County property tax rates may rise from 10.281 to 10.791 mills to help balance the $605 million general fund budget, which runs day-to-day operations, but the rate hike might not increase taxpayers’ burdens.
“It is expected the new rate will generate the same amount of billing as last year,” county Finance Director Patrick O’Connor said in a statement. “In other words, the revenue-neutral millage rate [of 10.791 mills] is the rate that will be used to offset the decline in value of existing properties.”
A $2.2 billion decline in tax digest value for 2012 as received from the Board of Assessors’ office, he said, means the county will earn only $455 million in income if the current rate stands.
“This is a net reduction of $74 million, or 14 percent in county revenue,” O’Connor said.
At the June 20 meeting, District 3 Commissioner Liz Hausmann voted against advertising a potential millage rate increase.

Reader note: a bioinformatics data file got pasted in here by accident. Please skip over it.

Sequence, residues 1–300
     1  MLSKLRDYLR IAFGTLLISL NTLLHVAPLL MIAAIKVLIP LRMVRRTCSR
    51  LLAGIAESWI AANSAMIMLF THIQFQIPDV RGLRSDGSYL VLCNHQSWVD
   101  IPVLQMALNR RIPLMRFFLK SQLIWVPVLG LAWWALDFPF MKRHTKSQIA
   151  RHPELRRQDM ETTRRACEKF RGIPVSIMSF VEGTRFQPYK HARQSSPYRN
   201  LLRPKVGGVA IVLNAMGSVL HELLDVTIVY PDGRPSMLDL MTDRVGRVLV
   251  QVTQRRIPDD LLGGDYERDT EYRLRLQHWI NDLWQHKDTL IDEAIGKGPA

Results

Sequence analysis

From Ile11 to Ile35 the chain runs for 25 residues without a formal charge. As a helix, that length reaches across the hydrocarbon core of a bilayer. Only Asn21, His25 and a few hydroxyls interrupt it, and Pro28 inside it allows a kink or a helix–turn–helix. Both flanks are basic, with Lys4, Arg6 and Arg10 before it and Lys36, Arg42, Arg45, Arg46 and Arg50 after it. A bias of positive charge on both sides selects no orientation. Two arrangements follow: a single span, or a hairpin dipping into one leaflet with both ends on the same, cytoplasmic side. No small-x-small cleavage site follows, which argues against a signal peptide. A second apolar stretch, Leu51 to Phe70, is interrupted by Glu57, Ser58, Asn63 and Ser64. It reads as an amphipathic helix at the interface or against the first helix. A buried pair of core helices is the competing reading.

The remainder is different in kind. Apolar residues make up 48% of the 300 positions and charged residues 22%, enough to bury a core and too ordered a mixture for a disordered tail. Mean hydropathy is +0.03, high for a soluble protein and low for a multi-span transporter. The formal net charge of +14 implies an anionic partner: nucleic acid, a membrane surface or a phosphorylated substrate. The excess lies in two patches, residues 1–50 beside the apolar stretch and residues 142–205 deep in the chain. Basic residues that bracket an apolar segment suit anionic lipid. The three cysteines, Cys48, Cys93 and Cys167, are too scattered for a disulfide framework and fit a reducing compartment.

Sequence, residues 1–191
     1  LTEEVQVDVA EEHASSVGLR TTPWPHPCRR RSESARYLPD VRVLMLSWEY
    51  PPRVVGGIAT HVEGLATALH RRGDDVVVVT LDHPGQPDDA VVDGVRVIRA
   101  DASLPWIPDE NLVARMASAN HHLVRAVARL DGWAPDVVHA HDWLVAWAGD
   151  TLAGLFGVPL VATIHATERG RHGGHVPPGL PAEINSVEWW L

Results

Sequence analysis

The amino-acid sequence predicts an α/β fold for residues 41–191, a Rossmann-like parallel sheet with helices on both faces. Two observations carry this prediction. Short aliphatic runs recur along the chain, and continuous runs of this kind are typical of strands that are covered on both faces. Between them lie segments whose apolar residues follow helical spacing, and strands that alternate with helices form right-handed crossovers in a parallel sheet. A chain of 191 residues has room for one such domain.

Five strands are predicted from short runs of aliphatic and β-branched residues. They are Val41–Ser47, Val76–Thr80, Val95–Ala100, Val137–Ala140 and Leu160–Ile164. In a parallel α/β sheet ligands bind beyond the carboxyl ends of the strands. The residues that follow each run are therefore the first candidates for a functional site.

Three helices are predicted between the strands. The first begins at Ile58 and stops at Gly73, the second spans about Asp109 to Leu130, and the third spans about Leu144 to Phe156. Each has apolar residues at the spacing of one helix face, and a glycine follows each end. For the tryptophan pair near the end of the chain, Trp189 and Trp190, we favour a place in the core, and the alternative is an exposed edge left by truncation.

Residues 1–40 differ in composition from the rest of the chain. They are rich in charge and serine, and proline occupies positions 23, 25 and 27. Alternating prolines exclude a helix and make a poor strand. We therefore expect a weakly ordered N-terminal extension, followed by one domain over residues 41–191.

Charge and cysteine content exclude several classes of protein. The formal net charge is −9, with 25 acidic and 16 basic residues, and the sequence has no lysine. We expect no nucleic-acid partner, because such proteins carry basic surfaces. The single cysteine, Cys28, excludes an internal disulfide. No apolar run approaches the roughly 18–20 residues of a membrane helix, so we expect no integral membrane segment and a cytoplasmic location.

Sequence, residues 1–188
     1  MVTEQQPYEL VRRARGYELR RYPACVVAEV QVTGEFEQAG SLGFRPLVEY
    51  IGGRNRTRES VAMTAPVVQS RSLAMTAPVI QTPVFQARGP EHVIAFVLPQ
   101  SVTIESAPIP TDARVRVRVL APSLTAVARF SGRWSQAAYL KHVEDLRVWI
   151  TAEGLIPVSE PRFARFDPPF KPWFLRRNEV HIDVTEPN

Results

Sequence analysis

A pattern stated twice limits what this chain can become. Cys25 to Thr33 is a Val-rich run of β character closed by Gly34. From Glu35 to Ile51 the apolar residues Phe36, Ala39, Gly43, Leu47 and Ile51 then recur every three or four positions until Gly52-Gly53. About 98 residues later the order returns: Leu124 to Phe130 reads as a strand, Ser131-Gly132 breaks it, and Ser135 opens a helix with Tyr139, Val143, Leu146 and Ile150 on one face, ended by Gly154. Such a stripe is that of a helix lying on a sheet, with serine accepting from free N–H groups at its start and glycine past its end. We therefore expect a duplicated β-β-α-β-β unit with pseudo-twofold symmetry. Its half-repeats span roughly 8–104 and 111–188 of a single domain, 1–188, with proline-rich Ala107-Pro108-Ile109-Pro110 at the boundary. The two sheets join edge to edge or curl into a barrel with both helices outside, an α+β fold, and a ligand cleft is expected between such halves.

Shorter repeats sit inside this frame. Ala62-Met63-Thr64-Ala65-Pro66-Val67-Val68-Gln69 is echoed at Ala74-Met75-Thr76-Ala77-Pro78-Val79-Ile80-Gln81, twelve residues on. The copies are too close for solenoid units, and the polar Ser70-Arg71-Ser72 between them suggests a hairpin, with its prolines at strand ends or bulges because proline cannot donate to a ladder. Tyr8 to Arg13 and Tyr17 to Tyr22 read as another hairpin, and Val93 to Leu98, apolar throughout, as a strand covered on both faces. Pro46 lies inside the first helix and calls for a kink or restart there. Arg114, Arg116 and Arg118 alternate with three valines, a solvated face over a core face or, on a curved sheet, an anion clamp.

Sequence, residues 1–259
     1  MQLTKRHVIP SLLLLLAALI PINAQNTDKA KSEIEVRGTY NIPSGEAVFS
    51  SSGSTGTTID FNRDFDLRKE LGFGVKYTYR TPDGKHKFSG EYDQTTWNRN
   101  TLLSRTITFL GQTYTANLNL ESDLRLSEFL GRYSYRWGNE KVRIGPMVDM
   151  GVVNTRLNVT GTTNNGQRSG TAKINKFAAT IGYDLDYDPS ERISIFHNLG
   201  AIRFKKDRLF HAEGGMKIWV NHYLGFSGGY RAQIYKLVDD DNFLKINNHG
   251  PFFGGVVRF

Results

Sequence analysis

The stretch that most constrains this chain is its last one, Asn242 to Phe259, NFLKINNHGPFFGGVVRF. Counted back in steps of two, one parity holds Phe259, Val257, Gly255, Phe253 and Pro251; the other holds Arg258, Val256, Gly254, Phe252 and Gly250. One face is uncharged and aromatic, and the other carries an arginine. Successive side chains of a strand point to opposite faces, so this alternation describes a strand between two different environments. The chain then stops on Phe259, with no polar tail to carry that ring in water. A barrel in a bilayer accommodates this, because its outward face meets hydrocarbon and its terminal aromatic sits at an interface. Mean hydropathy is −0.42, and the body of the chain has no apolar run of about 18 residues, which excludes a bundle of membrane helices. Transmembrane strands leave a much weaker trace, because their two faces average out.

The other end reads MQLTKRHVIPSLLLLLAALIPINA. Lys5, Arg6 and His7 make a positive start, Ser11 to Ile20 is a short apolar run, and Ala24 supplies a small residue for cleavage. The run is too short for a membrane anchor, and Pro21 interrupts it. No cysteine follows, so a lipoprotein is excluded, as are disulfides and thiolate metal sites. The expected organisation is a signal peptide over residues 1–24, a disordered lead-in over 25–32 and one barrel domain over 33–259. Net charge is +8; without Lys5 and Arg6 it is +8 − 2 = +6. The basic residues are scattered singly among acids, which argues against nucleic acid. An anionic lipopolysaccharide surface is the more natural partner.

“A half-mill increase is going to be a tax increase for a big portion of our folks,” she said. “To ask for an increase now is not the right direction.”
In Sandy Springs, public hearings will include zoning cases for Christian Brothers Automotive and Belle Isle Animal Hospital, which have attracted little attention.
However, other applicants include the Lakeside office park and the Church of Scientology, whose cases have been lightning rods for controversy.
Lawsuits spurred the city to seek settlements with both applicants.
The city council at its June 19 meeting voted to defer the Scientology case to Tuesday to accommodate residents’ examination of issues like the church’s proposed 130 parking spaces.
“We need the faith of our community in our decision-making process,” District 6 City Councilwoman Karen Meinzen McEnerny said. “I believe it’s warranted to allow the community additional time to look at this information. Then we can vote on it with full notice and as much disclosure as they would like to delve into.”
MetLife Inc. and Greenstone Properties, owners of the 26-acre Lakeside office park, were denied rezoning by the city council in August 2010.
Residents cited traffic issues resulting from a proposed apartment, restaurant and office development at the Glenridge Drive location near Hammond Drive, Interstate 285 and Ga. 400.